Pub. date: 2008 | Online Pub. Date: May 28, 2008 | DOI: 10.4135/9781412963930 | Print ISBN: 9781412941655 | Online ISBN: 9781412963930| Publisher:SAGE Publications, Inc.About this encyclopedia
Elena Vesselinov & Matthew A. Cazessus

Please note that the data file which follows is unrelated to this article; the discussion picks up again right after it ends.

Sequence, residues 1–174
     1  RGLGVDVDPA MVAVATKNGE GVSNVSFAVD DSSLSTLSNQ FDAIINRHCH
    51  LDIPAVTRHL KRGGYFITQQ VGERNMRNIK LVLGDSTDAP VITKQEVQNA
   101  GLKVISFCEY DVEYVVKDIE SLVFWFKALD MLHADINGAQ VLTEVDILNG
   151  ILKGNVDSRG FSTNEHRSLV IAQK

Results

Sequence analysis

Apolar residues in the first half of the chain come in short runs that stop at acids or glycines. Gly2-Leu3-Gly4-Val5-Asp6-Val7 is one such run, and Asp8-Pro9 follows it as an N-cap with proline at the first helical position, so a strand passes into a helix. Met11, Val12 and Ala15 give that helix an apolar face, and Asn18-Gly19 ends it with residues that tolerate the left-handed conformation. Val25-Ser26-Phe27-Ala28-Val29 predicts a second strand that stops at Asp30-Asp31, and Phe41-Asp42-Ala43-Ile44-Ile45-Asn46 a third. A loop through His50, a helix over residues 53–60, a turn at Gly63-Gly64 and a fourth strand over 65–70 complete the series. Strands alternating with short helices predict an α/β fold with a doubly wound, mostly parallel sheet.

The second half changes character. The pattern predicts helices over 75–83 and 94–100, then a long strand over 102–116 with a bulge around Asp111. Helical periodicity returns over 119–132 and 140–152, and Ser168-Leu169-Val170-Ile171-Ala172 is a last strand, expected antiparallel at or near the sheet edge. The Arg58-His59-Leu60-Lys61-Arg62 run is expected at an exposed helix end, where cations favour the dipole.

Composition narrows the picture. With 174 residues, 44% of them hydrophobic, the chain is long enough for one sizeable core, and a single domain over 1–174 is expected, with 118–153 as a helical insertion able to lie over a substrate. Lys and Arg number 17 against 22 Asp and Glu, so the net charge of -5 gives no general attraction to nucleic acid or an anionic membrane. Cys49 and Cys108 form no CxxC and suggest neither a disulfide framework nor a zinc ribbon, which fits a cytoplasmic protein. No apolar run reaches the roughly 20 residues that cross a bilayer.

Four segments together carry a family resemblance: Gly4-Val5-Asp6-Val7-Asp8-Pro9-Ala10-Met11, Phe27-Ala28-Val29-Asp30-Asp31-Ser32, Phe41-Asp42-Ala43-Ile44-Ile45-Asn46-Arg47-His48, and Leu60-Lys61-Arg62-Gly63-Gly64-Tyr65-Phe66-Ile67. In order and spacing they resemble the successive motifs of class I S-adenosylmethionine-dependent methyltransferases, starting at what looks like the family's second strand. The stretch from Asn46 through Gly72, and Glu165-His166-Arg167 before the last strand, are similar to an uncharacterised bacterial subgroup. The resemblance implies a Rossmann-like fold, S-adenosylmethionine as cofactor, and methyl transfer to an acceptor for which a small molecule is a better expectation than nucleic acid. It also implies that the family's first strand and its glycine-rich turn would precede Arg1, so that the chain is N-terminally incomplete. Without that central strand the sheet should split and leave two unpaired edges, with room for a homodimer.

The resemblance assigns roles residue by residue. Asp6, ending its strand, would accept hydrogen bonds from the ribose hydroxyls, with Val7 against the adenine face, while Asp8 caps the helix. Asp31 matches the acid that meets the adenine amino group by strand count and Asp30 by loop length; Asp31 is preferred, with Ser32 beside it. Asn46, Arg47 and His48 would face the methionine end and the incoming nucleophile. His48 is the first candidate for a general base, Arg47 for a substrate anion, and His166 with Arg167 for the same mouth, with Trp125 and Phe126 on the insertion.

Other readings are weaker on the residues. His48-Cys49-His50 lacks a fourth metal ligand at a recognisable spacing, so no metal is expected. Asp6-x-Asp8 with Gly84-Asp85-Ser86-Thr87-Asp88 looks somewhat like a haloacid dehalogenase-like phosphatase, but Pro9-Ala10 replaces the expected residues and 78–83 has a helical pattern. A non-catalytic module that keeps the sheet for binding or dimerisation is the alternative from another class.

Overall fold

The earliest articulation of the melting pot concept came in 1782, from J. Hector St. John Crevecoeur, a French officer turned New York settler, who envisioned assimilated Europeans as ingredients in a vast melting pot of cultures. The concept of the melting pot later expanded to include people from different races and backgrounds, as it became one of the cornerstones of assimilation theory. While many academics dispute the relevance of the term, the model of the melting pot offers an idealistic vision of U.S. society and identity, combining people from diverse ethnic, religious, political, and economic backgrounds together into a single people. Throughout the 19th century, presidents and poets alike echoed the idea of the United States as a unique site for cultural assimilation, as new waves of immigrants sought to put down roots. However, the visual image of foreign assimilation came to the forefront of public culture through Israel ...